F*ck debt. In all its shitty forms.

April 27, 2019

Aaron Draplin, a well-known graphic designer out of Portland, went to art school in his twenties. He received a substantial scholarship, but during his time in school still found himself with $27,000 worth of debt. After eight years of faithfully paying every month, he called to find out his current balance. Even after drastically increasing his monthly payments a few years in—he was still $20,000 deep. He felt like he’d made no progress in nearly a decade.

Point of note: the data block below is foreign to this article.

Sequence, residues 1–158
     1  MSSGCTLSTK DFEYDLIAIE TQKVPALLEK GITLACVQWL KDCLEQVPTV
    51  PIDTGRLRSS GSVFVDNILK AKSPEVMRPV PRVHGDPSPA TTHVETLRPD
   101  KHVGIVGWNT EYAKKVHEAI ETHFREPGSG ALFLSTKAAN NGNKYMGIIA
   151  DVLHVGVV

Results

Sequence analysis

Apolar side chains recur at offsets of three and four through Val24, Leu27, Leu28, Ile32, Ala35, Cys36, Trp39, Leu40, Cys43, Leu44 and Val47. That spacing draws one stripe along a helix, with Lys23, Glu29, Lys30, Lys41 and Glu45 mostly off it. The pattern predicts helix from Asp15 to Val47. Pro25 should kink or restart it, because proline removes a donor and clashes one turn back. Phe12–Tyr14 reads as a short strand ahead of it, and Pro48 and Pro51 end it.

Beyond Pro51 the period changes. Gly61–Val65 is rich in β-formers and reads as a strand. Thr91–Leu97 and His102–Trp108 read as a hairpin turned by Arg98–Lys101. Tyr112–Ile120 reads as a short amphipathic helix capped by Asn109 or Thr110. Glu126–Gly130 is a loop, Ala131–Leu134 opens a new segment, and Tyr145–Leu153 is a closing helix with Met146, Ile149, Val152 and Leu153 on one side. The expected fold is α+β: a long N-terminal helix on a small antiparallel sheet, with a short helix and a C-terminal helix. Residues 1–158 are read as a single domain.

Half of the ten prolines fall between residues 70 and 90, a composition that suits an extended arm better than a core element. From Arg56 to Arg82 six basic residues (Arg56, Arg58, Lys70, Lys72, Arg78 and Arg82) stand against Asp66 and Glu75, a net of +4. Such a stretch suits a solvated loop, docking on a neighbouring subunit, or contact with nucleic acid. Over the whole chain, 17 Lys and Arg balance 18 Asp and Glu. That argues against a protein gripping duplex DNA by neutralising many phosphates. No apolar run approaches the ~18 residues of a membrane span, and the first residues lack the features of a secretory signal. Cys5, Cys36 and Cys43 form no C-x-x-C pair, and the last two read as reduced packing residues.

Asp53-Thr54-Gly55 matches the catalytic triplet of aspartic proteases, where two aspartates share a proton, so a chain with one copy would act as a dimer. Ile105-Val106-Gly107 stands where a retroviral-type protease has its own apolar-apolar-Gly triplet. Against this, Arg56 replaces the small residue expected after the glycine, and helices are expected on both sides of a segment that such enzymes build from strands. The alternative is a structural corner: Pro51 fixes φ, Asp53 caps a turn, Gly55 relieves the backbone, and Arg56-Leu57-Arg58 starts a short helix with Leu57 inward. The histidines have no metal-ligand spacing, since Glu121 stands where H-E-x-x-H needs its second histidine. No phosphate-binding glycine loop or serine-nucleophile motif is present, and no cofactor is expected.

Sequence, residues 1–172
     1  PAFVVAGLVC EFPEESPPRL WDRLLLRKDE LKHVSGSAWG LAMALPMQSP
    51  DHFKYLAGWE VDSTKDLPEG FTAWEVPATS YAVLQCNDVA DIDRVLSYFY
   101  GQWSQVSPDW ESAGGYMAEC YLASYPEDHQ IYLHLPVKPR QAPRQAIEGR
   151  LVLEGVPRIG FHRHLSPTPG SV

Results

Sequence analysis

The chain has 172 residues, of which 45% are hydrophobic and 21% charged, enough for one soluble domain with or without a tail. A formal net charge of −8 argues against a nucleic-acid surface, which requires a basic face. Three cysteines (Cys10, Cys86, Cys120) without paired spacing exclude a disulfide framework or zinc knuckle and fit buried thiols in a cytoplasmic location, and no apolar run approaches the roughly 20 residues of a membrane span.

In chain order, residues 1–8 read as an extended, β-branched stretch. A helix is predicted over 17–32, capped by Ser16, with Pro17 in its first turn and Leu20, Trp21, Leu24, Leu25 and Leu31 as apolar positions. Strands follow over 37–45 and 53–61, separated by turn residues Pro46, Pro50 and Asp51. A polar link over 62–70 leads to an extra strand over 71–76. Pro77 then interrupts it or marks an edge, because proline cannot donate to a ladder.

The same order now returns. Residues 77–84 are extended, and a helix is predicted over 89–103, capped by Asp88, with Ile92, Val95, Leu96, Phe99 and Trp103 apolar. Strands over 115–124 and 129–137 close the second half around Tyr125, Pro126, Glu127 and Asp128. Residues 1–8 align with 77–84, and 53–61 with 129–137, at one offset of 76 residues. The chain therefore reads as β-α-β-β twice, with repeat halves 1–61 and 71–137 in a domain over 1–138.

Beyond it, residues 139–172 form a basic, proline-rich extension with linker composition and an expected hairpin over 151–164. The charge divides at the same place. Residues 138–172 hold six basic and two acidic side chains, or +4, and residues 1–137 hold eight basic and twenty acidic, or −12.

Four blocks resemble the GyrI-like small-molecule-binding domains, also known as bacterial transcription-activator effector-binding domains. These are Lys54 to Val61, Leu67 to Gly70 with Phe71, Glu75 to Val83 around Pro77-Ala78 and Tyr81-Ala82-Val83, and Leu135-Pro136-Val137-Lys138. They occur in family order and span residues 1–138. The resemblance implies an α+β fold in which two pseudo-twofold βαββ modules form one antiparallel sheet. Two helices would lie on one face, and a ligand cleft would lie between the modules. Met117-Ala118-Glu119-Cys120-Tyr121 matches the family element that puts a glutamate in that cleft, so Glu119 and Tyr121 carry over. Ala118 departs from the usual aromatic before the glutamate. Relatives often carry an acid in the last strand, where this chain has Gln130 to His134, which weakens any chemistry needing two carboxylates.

He emptied out his savings account and paid off the entire balance that day. A few years later, he was debt-free on all fronts and hasn’t looked back since. Walking a little lighter,” he said after the payment. (From Pretty Much Everything, a monograph of Draplin’s design career as of 2016.)

But financial debt isn’t the only type to avoid. Other notable forms:

Debt is any decision that has significant future consequences.

Far too often, we don’t acknowledge those consequences and, thus, make a short-term decision without thinking. As Ben Horowitz says, if you incur the management debt without accounting for it, then you will eventually go management bankrupt.”

Long story short: Avoid debt as much as possible—or pay it off as quickly as possible.